The doctor and the commander

The past week has not been kind to genocidal war criminals, nor to those accused of being one. First, former Bosnian Serb leader Radovan Karadzic was apprehended in Belgrade, living quite openly under an assumed name (and one heck of a disguise). Karadzic is charged with responsibility in, among other things, the Srebrenica massacre. From Wikipedia:

Karadzic is accused of personal and command responsibility for numerous war crimes committed against non-Serbs, in his roles as Supreme Commander of the Bosnian Serb armed forces and President of the National Security Council of the Republika Srpska. Under his direction and command, Bosnian Serb forces initiated the Siege of Sarajevo and carried out numerous massacres across Bosnia. Tens of thousands of non-Serbs were killed, hundreds of thousands were driven from their homes and thousands more were imprisoned in <span class="mw-redirect">concentration camps</span>where many died. He is accused of ordering the Srebrenica massacrein 1995, directing Bosnian Serb forces to "create an unbearable situation of total insecurity with no hope of further survival of life" in the UN safe area. In addition, he is accused of ordering that United Nations personnel be taken hostage in May-June 1995.

A lovely human being. Of course, it should be remembered that the Serbs, who have so often been demonized in the Western press, are not solely to blame for the horrors that have been perpetrated in the Balkans. During World War II, the Croatian fascists, the Ustashe, were allied with the Nazis, and carried out acts of depravity comparable to anything that Himmler and his minions could dream up.

One of them, Dinko Sakic, died this week in Croatia, where he had been extradited from Argentina, which sheltered him for over fifty years. Sakic was commandant of the concentration camp complex of Jasenovac, known as the "Auschwitz of the Balkans." From the New York Times:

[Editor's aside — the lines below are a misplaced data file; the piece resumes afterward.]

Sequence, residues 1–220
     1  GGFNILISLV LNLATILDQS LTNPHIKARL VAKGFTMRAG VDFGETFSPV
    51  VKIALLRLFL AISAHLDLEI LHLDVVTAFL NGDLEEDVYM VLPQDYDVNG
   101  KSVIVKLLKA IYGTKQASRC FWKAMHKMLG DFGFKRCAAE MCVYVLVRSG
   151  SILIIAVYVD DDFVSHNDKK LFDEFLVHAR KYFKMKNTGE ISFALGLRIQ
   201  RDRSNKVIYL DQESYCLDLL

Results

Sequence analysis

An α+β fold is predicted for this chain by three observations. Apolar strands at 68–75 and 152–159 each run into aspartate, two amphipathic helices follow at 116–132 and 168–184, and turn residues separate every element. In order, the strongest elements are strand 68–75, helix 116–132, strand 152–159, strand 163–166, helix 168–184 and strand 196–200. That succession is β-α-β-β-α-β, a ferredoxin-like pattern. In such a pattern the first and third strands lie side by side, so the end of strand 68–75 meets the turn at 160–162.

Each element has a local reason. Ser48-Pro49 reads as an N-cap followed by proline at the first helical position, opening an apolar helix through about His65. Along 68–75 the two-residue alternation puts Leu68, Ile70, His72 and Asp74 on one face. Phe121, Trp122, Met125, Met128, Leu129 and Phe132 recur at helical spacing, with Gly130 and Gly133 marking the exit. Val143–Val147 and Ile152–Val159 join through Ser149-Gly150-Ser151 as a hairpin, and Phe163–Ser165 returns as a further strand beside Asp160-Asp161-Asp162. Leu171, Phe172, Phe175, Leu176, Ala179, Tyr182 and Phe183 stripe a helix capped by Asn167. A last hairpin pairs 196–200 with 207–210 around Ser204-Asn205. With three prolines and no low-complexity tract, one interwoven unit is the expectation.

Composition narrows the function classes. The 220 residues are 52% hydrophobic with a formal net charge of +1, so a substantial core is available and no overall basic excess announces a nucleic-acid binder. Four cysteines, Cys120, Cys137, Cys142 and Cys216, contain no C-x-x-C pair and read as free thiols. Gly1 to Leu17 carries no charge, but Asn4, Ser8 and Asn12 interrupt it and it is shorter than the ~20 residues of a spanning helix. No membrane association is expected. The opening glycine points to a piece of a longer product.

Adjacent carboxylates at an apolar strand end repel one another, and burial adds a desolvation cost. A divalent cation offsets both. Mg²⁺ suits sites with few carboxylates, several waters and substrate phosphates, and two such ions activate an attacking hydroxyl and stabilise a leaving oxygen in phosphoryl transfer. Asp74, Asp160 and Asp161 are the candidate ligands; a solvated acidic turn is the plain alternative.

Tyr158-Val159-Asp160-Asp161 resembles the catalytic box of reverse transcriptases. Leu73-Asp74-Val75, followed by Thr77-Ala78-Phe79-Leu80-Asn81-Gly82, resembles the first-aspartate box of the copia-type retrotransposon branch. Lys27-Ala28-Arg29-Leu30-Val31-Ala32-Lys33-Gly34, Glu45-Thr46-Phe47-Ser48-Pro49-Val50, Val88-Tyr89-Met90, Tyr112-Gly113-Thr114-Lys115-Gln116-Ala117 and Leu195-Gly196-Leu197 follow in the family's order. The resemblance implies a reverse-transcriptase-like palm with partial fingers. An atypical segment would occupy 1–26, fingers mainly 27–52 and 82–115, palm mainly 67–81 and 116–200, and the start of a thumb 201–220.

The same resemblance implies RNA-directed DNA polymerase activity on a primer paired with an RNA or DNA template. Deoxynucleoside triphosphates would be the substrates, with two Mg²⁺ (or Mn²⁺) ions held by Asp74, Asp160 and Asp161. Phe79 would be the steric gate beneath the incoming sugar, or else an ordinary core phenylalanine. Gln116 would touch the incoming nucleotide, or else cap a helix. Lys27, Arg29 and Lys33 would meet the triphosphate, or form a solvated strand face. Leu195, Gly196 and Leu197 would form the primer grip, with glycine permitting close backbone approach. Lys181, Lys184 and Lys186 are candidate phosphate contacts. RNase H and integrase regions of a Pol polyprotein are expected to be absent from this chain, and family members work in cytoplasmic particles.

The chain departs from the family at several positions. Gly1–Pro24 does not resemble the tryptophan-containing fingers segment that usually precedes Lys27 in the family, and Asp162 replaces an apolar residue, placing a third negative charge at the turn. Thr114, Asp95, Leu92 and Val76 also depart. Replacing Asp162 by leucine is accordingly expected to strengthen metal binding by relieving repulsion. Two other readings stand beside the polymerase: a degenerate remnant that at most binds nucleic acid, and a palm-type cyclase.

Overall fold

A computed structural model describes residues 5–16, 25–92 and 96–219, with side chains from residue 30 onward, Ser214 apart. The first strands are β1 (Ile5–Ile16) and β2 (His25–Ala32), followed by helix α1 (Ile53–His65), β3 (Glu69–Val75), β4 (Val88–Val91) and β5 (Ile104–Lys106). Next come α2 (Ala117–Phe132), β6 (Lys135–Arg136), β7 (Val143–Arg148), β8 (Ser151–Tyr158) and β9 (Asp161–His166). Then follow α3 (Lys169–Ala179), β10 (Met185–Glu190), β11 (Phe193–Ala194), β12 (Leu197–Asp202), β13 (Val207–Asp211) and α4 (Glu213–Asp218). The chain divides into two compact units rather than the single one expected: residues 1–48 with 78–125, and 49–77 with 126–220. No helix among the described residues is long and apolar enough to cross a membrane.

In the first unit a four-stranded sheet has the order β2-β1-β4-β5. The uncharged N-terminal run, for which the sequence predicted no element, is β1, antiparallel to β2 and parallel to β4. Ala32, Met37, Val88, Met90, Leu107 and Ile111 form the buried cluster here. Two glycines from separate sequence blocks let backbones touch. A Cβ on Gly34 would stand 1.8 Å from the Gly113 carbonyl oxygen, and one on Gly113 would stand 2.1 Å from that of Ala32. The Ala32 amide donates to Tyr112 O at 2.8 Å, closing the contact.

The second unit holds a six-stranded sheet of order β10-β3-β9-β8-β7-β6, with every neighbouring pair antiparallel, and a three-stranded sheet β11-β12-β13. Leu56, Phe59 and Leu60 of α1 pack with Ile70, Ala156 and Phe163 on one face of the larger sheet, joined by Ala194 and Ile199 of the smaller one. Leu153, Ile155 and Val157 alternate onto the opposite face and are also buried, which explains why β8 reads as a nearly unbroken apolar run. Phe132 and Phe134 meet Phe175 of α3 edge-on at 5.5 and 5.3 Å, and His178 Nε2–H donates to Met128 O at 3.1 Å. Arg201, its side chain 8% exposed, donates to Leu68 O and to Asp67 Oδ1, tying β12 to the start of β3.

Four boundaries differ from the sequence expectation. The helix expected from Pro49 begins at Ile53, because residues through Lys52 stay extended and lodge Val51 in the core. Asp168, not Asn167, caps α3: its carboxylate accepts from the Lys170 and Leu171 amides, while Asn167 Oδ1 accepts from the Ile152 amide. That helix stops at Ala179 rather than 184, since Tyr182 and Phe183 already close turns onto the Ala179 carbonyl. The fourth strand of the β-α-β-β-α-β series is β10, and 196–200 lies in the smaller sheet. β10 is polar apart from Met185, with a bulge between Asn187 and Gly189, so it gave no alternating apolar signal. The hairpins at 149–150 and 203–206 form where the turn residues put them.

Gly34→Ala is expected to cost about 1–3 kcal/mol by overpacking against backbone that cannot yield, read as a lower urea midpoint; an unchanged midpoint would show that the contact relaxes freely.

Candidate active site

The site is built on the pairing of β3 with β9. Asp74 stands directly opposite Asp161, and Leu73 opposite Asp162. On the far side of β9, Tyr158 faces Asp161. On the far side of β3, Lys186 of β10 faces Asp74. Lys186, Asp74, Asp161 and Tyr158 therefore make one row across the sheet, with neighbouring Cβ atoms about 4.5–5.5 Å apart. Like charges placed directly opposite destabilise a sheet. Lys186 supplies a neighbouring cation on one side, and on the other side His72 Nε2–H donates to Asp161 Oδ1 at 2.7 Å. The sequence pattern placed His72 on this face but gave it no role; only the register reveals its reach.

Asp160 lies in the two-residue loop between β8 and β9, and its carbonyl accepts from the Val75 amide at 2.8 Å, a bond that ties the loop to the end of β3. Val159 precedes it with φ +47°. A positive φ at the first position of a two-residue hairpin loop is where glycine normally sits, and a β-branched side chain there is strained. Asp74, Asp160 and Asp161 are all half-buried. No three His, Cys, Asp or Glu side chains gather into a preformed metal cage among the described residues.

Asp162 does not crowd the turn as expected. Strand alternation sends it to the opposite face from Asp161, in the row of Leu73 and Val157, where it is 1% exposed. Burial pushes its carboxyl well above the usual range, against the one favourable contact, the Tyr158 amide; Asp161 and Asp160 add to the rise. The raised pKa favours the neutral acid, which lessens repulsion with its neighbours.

Mr. Sakic was found guilty of killing more than 2,000 Serbs, Jews and Gypsies at the camp named Jasenovac. Among other crimes, the verdict said, he ordered executions; did not treat the sick; worked inmates to death; starved and tortured some with a blowtorch; and hanged others, sometimes leaving them dangling for days. He personally shot at least four prisoners dead, two of them for smiling…in 1994, during a state visit to Argentina by (Croatian) President Tudjman, Mr. Sakic spoke to Magazin, a Croatian magazine. "I'd do it all again," he said, adding that he wished more Serbs had died at Jasenovac. "I sleep like a baby."

An equally lovely human being.

The moral of all this, if there is one, is this: in human affairs, there is always more than enough blame to go around. In war, no side is completely blameless. The atrocities committed by the Croats during World War II, which were just one more chapter in an ongoing saga of interethnic hatred, provided a rationale for Serb extremists to commit atrocities against Croats. This does not excuse either side for what it did; rather, it condemns each of them equally. Sakic and Karadzic were both monsters. Sakic is answering to God for his crimes; in time, so will Karadzic.

Addendum: Early reports had it that Karadzic hid by disguising himself as a Serbian Orthodox priest. For a well-rounded discussion of this topic, and the role of the church in the Balkans, see this blog article by Terry Mattingly. (Disclaimer: Mr. Mattingly, like myself, is Orthodox.)